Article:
W3C home > Mailing lists > Public > www-tag@w3.org > February 2011

Re: HashInURI

From: ashok malhotra <ashok.malhotra@oracle.com>
Date: Sat, 12 Feb 2011 14:14:45 -0800
Message-ID: <4D570655.1090007@oracle.com>
To: nathan@webr3.org
CC: "Eric J. Bowman" <eric@bisonsystems.net>, Yves Lafon <ylafon@w3.org>, Karl Dubost <karld@opera.com>, "www-tag@w3.org List" <www-tag@w3.org>
Many thanks to all who have contributed to this thread.

What I'm struggling with is why?  Why did twitter change it's pattern
from twitter.com/timbray <http://twitter.com/timbray> to twitter.com/#!/timbray  ? <http://twitter.com/#%21/timbray>

Ben Ward http://blog.benward.me/post/3231388630 suggests
"The reasons sites are using client-side routing is for performance: At the simplest, it's about not reloaded an entire page when you only need to reload a small piece of content within it. Twitter in particular is loading lots, and lots of small pieces of content, changing views rapidly and continuously. Twitter users navigate between posts, pulling extra content related to each Tweet, user profiles, searches and so forth. Routing on the client allows all of these small requests to happen without wiping out the UI, all whilst simultaneously pulling in new content to the main Twitter timeline."

I agree that client-side routing is faster and more responsive but is that what twitter is doing?
Tim Bray http://www.tbray.org/ongoing/When/201x/2011/02/09/Hash-Blecch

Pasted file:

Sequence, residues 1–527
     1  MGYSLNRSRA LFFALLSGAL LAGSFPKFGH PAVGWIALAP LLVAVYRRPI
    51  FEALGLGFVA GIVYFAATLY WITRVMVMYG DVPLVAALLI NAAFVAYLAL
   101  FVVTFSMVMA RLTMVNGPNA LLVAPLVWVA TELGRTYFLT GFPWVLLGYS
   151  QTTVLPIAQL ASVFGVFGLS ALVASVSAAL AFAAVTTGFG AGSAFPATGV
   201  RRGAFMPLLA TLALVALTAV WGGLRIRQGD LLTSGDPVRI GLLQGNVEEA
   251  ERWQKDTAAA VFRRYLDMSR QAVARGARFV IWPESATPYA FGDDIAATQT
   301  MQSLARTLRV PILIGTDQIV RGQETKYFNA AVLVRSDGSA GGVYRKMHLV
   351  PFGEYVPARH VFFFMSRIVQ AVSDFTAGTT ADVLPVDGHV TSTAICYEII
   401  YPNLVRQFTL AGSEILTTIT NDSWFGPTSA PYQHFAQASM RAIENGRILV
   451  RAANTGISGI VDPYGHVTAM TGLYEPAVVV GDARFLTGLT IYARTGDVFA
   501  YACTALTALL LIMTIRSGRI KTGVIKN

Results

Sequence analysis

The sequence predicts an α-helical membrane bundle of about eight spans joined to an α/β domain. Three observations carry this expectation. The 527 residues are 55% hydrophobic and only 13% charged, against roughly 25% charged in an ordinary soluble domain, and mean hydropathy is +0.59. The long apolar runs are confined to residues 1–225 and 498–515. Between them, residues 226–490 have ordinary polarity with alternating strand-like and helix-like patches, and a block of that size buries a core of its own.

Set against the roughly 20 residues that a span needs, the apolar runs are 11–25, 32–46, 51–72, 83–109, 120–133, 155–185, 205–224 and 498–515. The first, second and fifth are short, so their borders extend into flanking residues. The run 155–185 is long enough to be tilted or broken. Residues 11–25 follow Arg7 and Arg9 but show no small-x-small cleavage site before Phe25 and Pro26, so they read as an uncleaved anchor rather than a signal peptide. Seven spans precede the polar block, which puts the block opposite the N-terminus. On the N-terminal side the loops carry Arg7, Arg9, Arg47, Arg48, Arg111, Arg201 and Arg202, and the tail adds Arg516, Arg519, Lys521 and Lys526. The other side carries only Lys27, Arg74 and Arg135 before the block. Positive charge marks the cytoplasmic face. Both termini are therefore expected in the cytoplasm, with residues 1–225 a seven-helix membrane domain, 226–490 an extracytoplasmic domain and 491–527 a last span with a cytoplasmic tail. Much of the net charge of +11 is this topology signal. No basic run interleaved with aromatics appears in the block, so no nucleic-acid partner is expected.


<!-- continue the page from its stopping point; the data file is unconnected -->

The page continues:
says that the initial request to twitter just fetches a bunch of Javascript which then executes and
fetches the pieces it needs to render #!myname.  This requires two fetches rather than the single
fetch required for twitter.com/myname.

But perhaps the pieces that are fetched include other information such as the profile for myname which
can be accessed by client-side navigation.

The second reason that http://isolani.co.uk/blog/javascript/BreakingTheWebWithHashBangs suggests is that once twitter decided to change from a website to an application and given that it wanted
to be indexable by Google it needed to use the #! pattern,  It says:
"sites using fancy technology like Ajax to bring in content found themselves not well listed or ranked for relevant keywords because Googlebot couldn't find their content they'd hidden behind JavaScript calls"
Thus, Google devised the #! pattern as an (ugly) solution to this problem.  See

Comments appreciated!
All the best, Ashok
Received on Saturday, 12 February 2011 22:17:32 UTC

This archive was generated by hypermail 2.4.0 : Friday, 17 January 2020 22:56:37 UTC